Wallets get thinner as U.S. consumers avoid cash
Mobile payment apps gain traction
Data whiz and visual storyteller
With mobile apps gaining traction as an accepted way to pay bills and other people, cash is taking up residence in fewer and fewer wallets. And even when there are some bills in the billfold, many Americans are carrying a minimal amount, and aren’t pulling it out for purchases very often.
U.S. Bank’s Cash Behavior Survey found that the preference for using digital apps to make payments slightly edged out the preference for paying with cash, at 47 percent versus 45 percent. It also found that men are more likely users of person-to-person payment apps, at 48 percent of male respondents compared to 38 percent for women.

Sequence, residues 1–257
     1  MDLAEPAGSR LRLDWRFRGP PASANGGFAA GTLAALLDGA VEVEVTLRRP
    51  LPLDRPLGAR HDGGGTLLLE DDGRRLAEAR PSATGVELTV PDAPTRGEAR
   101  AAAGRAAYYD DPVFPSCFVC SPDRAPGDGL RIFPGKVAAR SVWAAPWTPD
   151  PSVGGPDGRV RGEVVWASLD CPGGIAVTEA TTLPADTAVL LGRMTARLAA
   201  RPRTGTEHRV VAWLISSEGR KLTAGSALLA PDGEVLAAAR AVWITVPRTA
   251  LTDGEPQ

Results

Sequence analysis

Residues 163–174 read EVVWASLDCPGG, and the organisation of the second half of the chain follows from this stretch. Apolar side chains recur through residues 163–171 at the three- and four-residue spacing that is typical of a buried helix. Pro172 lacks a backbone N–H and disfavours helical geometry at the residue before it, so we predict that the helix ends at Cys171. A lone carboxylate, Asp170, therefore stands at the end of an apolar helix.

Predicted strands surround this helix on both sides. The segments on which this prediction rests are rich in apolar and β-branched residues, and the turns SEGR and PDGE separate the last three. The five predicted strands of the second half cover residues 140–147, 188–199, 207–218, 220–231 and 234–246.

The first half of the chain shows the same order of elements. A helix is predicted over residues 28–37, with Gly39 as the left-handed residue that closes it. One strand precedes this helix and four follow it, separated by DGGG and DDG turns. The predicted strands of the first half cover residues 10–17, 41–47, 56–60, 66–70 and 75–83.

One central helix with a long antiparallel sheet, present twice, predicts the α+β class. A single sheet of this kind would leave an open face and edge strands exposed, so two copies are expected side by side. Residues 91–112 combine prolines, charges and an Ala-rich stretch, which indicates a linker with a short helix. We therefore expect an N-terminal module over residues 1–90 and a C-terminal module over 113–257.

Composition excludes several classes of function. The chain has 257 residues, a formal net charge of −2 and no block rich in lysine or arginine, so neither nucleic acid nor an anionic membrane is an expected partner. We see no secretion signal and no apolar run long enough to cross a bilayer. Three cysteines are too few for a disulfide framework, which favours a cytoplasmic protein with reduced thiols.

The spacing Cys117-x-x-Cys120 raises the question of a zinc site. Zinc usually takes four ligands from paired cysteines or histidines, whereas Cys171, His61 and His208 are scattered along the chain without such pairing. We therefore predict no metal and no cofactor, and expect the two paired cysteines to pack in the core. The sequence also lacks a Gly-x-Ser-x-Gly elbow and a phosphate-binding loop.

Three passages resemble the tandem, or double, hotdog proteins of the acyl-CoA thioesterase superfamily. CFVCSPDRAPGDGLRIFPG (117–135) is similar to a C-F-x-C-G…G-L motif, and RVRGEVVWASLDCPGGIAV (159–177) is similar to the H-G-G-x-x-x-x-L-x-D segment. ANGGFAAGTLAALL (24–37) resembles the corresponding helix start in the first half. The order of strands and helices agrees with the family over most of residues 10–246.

The survey findings also highlighted how many consumers are going without cash at all, or accessing it infrequently. Forty-six percent of respondents said they have no cash on hand more than half the time, and an additional 5 percent said they never use cash anymore.
When consumers do have some money in their wallet, about half (49 percent) keep just $20 or less on hand. And a comparable share (50 percent) say they use cash fewer than eight days per month. That means, on average, they’re going five or more days between cash purchases.
U.S. Bank’s survey drew from a nationally representative sample of about 2,000 U.S. adults age 19-71 who have a current banking relationship (checking or savings) and who own a smartphone. The online survey was administered from June 1-7, 2017, with results released Aug. 16.
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